Winner: The sublime Jane Mayer, for her devastating review in The New Yorker of Marc Thiessen’s appallingly dishonest book about torture and terrorism, Courting Disaster (published, of course, by Regnery, where all prosperous neocons go to publish their paranoid fantacies).  One significant example of Thiessen’s serial lying: according to Peter Clarke, who was the head of Scotland Yard’s anti-terrorism branch in 2006, Thiessen’s account of the thwarted plot to hijack seven airplanes at Heathrow airport and blow them up over the Atlantic is  “completely and utterly wrong.”  Thiessen, who has never met a torture technique he isn’t in love with, pretends that some of the information that prevented the plot came from the torture  of Khalid Sheikh Mohammed.  However, according to Clarke of Scotland Yard, “The deduction that what was being planned was an attack against airliners was entirely based upon intelligence gathered in the U.K.”

Very fortunately for Thiessen, massive intellectual dishonesty is no longer any barrier to working for…

Sinner Fred Hiatt, who baffled everyone with a still-functioning brain at The Washington Post and elsewhere when he made Thiessen the Post’s newest op-ed columnist.  How could Fred miss what is so obvious to Frank Rich and to so many others: that Thiessen’s “giggly, repressed hysteria” (as seen on The Daily Show) is “uncannily reminiscent of the snide Joe McCarthy henchman Roy Cohn.”

Winner: Jon Stewart, for once again performing his function as television’s leading press critic, by pointing out that Fox News is the only American television network where you can count on the guest and the host being equally dishonest, on virtually every program.  This time it was Newt Gingrich trading outright lies with the inimitable Sean Hannity about Barack Obama’s new nuclear policy.  Very fortunately for Gingrich, being completely dishonest has never been a barrier to being one of the most frequent guests of all of the network Sunday chat shows–where, naturally, Gingrich encounters just as much fact checking as he does on Fox.

Update: Jon Chait and the indispensable Steve Benen add this addtional important perspective on the former House Speaker:

With disgraced former House Speaker Newt Gingrich having spent quite a bit of time this week in the national media – an oddly frequent occurrence – Jon Chait raises an objection that often goes overlooked.

On the subject of Gingrich, here’s one thing I don’t understand. John Edwards’ philandering has made him a public pariah, understandably so. But Gingrich’s marital behavior was probably even more disgusting. He cheated on his first wife and told her he wanted a divorce while she was recovering from surgery for cancer. He subsequently cheated on his second wife with a much younger aide. It’s fairly amazing how Gingrich has managed to avoid any stigma from this. He’s just a conservative “ideas guy.”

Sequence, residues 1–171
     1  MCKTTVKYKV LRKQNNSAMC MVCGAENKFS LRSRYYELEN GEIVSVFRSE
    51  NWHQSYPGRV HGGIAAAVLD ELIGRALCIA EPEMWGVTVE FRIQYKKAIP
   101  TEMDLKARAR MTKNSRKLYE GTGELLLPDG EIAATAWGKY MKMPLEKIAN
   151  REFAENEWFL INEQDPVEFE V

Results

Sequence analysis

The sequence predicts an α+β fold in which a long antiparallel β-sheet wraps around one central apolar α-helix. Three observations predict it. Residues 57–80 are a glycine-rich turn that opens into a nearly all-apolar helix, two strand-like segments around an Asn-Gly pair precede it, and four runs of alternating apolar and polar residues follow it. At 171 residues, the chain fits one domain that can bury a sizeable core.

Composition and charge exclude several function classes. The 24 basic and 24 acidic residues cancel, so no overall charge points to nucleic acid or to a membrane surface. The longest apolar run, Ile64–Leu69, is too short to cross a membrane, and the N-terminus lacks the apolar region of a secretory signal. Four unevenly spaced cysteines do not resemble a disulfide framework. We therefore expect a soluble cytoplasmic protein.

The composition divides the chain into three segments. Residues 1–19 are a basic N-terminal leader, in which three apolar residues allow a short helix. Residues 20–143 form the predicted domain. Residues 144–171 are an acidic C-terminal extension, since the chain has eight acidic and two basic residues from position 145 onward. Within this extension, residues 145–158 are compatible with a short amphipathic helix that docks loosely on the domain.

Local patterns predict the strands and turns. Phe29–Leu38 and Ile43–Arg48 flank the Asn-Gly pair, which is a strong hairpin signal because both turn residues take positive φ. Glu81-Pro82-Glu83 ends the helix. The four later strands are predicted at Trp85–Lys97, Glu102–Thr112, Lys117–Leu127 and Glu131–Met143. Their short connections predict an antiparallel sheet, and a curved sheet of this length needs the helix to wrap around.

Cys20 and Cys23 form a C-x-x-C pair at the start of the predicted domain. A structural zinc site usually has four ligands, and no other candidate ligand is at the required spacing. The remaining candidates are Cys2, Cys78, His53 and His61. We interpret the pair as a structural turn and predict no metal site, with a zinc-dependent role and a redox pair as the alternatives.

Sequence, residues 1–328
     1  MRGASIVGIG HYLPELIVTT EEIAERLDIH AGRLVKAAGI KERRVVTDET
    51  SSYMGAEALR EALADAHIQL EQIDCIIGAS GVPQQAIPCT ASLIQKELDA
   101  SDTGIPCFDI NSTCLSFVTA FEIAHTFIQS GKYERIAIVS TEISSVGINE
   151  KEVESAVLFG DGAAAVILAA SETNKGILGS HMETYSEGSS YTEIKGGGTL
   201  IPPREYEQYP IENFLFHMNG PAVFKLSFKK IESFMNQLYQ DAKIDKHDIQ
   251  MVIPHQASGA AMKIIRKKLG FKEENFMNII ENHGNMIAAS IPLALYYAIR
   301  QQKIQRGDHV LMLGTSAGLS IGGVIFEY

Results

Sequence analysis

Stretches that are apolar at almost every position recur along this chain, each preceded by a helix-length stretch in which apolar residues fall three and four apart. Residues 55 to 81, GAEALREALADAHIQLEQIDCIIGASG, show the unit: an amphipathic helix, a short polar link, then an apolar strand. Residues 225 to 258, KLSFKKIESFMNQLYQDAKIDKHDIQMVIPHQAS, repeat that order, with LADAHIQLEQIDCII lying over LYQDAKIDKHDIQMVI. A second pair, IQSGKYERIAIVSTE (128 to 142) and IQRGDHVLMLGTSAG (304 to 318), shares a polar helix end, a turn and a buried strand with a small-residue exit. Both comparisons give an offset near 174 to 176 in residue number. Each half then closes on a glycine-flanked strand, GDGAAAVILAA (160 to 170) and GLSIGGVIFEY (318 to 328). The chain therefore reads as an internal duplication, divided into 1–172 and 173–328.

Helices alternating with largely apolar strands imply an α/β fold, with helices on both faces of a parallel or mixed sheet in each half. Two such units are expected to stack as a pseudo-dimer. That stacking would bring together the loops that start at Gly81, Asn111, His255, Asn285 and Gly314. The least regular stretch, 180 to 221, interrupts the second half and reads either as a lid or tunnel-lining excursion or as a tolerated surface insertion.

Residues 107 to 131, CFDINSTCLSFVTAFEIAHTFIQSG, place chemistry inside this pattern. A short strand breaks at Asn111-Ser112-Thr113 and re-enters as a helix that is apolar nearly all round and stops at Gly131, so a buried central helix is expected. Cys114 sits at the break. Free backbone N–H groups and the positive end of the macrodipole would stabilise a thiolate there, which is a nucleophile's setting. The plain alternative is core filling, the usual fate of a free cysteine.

I’d go just a little further, still. Gingrich’s scandalous personal life and admitted adultery was concurrent with Gingrich launching an impeachment crusade against Bill Clinton for … his scandalous personal life and admitted adultery.

Gingrich then proceeded to characterize himself as an ally of the religious right, and started giving tours of Washington’s “Godly heritage.”

In other words, Gingrich’s political work was discredited, his moral standing was discredited, and his scholarship has been discredited. And yet, he remains a go-to guest for major media outlets, and has positioned himself as one of the right’s “big thinkers.”

When we talk about the bankruptcy of conservatism, Gingrich offers a helpful example.

Winners: The women writers of Newsweek, who convinced their editors to publish 2,500 words on how far the women’s liberation movement still has to go, forty years after 46 Newsweek women filed an anti-discrimination suit against their bosses.  The current Newsweek journalists acknowledged that until gender-discrimination scandals hit ESPN, David Letterman and The New York Post, the three of them knew virtually nothing about the struggle of their predecessors.  They needed to read Susan Brownmiller’s splendid memoir, In Our Time, to begin their education.  “We passed it around, mesmerized by descriptions that showed just how much has changed, and how much hasn’t.”  And don’t miss the accompanying feature displaying more than fifty years of women-themed Newsweek covers.



Sex and Violence à la GOP

  Above the Fold

   So here is how the leaders of the Republican Party work: after spending a year telling vicious lies about the health care bill, predicting Armageddon if it was passed, and standing  on the balcony of the Capitol to egg on demonstrators–who then spit on one congressman, called another one “nigger” and shouted “faggot” at a third–after this model of restraint, these same Republican leaders reacted in horror when the Democrats accused them of inciting the violence which included death threats or physical attacks against at least ten Democratic officials, or their offices. Finally, just for good measure, they invented an anti-Republican attack, just to try to change the subject.